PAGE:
Monday, December 05, 2005

Route 66 the smart way

Rare brick stretch of Route 66 near Auburn, Illinois.

Smartimes Magazine, November 2005
An ex-pat Brit has shown the Americans that size isn’t everything, and bigger is not always better.
Former Sussex resident Rupert Lloyd Thomas, with his Canadian wife Annette, has driven the smallest car the US has ever seen across the 2,300 miles of Route 66 - and more. Said Rupert ‘Here’s the lowdown: Drive the smart car down old-time Route 66 in the US of A to see what the good old boys think about this small wonder. The trip is a kind of antidote to gas guzzling in the land of pickup trucks and enormous sport utility vehicles.
Rupert and Annette missed the smart car they had in Lewes when [they] move[d] to Canada four years ago. Therefore, when it was announced the smart was Canada bound – they purchased a hot, phat red coupĂ©.
‘Starting from Toronto we crossed the US border in the town of Sarnia, located in the province of Ontario. We then drove through Michigan and Indiana to the start of Route 66 in Chicago, at the corner of Michigan Avenue and Adams Street. In the faded Chicago suburb of Cicero an old black fella pulled up alongside at a stoplight – “I like your car man” – our smart, an instant ice breaker.
Folks were intrigued and enchanted although some laughed at the car so hard they couldn’t speak. The message to them was that 50 miles a US gallon is possible and most people got it loud and clear.’
‘The “muffler men” are a feature on Route 66 – originally they held a muffler - hence the name - but have been adapted over the years. We took in the “Gemini Giant” spaceman in Wilmington, Illinois, and the “Lauterbach Giant” in Springfield, who now holds an American flag in front of Lauterbach’s Tyres.
‘We visited the Cadillac Ranch in Amarillo, Texas - a truly spiritual experience. There are no opening hours, admission charge, concession stand or anything else - just a bunch of old Cadillacs nose down in a field.
‘At the Midpoint Cafe in Adrian, Texas, half way along Route 66, the lady owner rushed out to photograph our little chariot in front of her sign. We backtracked a short way and headed south on a straight, deserted country road on the high plains of the Texas Panhandle to Clovis, New Mexico, on the trail of Buddy Holly.
You need an appointment to visit the Norman Petty Recording Studios at 1313 W. 7th Street but the “just show up” philosophy worked as we were greeted by Ken Broad, who showed us round after lunch. We went down the street to the Foxy Drive-In, “where Buddy used to hang out.” It hasn’t changed a bit and Rupert and Annette snacked on a chicken burger waiting to get indoors at the studio.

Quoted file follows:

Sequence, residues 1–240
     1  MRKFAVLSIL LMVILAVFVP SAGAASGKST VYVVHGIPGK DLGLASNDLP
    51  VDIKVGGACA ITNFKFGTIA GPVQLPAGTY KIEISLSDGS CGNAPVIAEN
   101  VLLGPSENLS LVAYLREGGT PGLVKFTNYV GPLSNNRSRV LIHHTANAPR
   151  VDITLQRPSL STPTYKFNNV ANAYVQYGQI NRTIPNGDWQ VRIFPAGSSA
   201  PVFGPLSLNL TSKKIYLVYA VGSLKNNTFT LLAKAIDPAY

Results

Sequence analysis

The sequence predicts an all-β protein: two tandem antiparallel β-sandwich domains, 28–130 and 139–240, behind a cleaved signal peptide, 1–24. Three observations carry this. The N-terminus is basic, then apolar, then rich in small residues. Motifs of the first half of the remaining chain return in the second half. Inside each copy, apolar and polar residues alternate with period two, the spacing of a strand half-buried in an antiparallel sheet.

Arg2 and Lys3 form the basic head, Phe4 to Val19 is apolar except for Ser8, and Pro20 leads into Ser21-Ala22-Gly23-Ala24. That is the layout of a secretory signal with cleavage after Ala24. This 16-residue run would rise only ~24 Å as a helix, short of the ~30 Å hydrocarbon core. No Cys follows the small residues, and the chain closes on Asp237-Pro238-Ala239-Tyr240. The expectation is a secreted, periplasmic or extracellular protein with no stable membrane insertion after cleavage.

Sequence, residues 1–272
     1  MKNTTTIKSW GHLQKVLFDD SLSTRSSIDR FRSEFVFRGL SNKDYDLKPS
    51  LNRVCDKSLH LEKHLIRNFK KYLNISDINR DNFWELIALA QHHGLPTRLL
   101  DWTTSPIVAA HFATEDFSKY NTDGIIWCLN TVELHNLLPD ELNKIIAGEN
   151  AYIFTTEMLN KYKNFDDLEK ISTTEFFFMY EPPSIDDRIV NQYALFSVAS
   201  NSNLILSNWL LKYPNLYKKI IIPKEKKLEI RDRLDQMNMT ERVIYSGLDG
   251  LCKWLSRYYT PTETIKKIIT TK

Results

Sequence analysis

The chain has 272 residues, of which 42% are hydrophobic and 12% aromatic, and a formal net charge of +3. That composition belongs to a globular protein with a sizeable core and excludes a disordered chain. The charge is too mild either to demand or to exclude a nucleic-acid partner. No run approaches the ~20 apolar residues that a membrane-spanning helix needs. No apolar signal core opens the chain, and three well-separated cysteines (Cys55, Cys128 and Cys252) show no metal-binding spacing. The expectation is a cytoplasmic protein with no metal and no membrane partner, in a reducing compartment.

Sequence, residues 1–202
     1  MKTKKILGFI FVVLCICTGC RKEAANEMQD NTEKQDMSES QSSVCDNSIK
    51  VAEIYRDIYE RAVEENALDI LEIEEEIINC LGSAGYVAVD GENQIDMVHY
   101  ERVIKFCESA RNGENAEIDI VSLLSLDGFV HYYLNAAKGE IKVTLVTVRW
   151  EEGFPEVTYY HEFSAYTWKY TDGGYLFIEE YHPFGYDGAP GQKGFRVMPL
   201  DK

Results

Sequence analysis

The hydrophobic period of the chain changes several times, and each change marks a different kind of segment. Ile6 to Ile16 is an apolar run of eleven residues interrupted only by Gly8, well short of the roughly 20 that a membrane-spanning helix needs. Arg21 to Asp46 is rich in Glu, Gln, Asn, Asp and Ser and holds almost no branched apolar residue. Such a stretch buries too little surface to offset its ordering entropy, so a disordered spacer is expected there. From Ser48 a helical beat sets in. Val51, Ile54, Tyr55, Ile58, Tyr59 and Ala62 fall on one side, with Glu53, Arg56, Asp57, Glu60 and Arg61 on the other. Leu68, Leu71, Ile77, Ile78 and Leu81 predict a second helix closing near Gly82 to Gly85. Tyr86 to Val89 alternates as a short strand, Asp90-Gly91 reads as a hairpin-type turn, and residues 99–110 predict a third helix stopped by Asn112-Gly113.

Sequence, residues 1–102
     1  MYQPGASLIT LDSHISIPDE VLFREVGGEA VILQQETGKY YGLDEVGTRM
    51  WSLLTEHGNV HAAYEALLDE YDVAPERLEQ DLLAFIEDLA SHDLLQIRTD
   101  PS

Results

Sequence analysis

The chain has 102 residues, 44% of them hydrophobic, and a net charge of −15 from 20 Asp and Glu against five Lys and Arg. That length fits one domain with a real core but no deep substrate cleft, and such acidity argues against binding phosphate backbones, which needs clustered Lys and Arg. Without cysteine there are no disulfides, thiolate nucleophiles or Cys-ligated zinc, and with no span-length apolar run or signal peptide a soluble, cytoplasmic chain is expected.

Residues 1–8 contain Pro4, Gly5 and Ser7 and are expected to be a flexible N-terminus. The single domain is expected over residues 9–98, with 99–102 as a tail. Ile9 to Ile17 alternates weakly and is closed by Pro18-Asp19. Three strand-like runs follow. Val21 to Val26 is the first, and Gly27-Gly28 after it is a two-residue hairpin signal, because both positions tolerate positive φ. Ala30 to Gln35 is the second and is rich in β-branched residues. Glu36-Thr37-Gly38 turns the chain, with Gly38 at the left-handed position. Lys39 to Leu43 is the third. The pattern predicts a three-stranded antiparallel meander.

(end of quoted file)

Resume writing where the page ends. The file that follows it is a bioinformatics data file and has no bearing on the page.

‘The studio is in a time warp with all the original gear on display – and Rupert says that he freaked out as he listened to Buddy through the original sound system while sitting in the chair in the control room - all the hits were recorded here. Roy Orbison was here and the smash hit “Sugar Shack” by Jimmy Gilmer and the Fireballs, a New Mexico band, was recorded in this studio. What a blast they both say!
Adds Rupert: ‘We were mobbed everywhere. A lot of women think the car is cute. In Gallup, New Mexico, a Navajo woman was practically in tears because she wanted the car so badly. “We made common cause with the bikers who were hip to our minimalist approach and tended to come alongside at campsites.”
‘Endless freight trains, each with up to four diesel engines, pulling double-stacked container-cars. The train whistle is the signature tune of the tour coupled with the background music of American country radio.
Stopping in Winslow, Arizona for the usual photo shoot at the “corner” made famous in the Eagles’ song “Take it Easy” was fun and exciting.
Crossing the Continental Divide at 7,245ft, the Mojave Desert was driven in the daylight hours. The smart took everything thrown at it - hitting the Pacific Ocean at Santa Monica, California where Route 66, the “mother road”, runs out.
‘We covered 8,984 miles in 35 days, heading home via the Pacific Coast Highway and the Trans-Canada.’ they say.
‘Route 66 is everything it is cracked up to be and I could do it again tomorrow. I was in kitsch heaven with Americana run riot - old cars, motels, neon signs and gas-station memorabilia.’
Note: Rupert Lloyd Thomas has a blog at

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